Temple scene from my hometown in Tirunelveli, Tamil Nadu

My mother and father were 29 and 32 respectively when we moved to Montana with just two suitcases. It was about the same time of year as it is now, and I was a couple weeks shy of my fourth birthday. This year marks 20 years that our family has called the United States home.

I never fully understood the limbo-state that my parents have always lived. We talk about settling down, we talk about citizenship, we talk about retirement plans. But over the course of 20 years the dialogue has shifted. It’s no longer about dreams of moving back to India, but rather how many months out of the year we would ideally spend there. Back in India, just a few rusty trunks contain what little remains from homes long bulldozed. Old photos could be all that we have of our former selves.

We left India for a chance at something new. In a place and time where paid work for so many was incredibly difficult to come by, employment within one’s field and course of study was truly a rare chance. Both of my parents had jobs within the fields they were trained in. Yet, when presented with the Opportunity to learn and to earn, to deepen one’s pond of existence, to see what else the world had in store– there was no choice but to take it. And never look back.

In Nairobi, we talk about the expat life. We talk about missing out on family milestones, we talk about loved ones moving on without us, we talk about a lonely existence in a foreign city.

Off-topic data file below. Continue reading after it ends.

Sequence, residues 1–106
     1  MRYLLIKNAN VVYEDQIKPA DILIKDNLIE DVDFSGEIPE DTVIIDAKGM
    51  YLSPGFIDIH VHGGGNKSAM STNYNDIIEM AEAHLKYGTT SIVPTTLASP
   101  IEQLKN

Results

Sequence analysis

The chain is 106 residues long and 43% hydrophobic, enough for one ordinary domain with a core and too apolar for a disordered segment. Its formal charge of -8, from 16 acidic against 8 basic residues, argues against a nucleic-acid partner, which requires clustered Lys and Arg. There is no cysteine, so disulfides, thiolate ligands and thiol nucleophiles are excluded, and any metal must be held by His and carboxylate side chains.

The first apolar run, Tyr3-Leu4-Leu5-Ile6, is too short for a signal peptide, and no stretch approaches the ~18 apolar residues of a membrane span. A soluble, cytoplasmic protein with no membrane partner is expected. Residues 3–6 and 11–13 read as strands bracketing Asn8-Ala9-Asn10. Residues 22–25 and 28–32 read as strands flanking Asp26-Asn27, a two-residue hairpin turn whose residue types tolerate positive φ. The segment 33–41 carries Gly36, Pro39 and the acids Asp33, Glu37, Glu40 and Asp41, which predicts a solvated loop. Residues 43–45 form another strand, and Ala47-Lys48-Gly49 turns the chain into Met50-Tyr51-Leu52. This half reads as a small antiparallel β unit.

But it’s sort of glamorous. We did something that not many have done; we congratulate ourselves. So it’s alright that during the two, perhaps three, years we spent as an expat we were uncomfortable. Yes, we were stretched across two continents (maybe three)—but it was worth whatever it was we each thought we’d gain by being away those years.

When I think of my parents and so many others like them, I think about what it’s like to be torn across two continents. As long as we are at home we cannot appreciate all that is familiar and comfortable that we attach ourselves to. Yet when we are away from home it is these things we never could appreciate that hurt us the most. Today I thought I smelled the distinctly tart aroma of dosa batter as it hits hot oil on a cast iron griddle, and it immediately put me at ease. It’s the aroma that wafted through my house every single morning of my childhood. My reaction was visceral. But my heart sank when I realized that I imagined it.

I think that in the long run, having to redefine ourselves, our identities in relation to our new homes is what hurts the most. In two or three short years, we sample that pain. But none of us can truly claim to know it.

The smells, the quiet, the noise, the spaces, the textures, the lights, the sights, the human beings we long for! It is not unique. The millions of immigrants who came before us, they too have mourned the loss of Things they left behind.

It is in this that I find solace.

The Idiot

Mountain gorilla who rubbed his face on my thigh

A few days ago I came to the startling realization that in two more months, I will have lived in Nairobi for a year.

That also means that it will have been two years since I left the U.S. and moved to East Africa.

Two years is an odd and startling benchmark in my own mind. When you are 21 years old and freshly graduated from college with a bachelor’s degree, two years seem like an eternity. Two years in a land so foreign where, as my roommate Kimmie likes to say, the only thing you recognize is your own shadow. Two years in a place so far away that, looking forward, you can’t even imagine life on the other side of that finite stretch of time. I am nearing that point. That point at the end of two years. And it is so very, very real.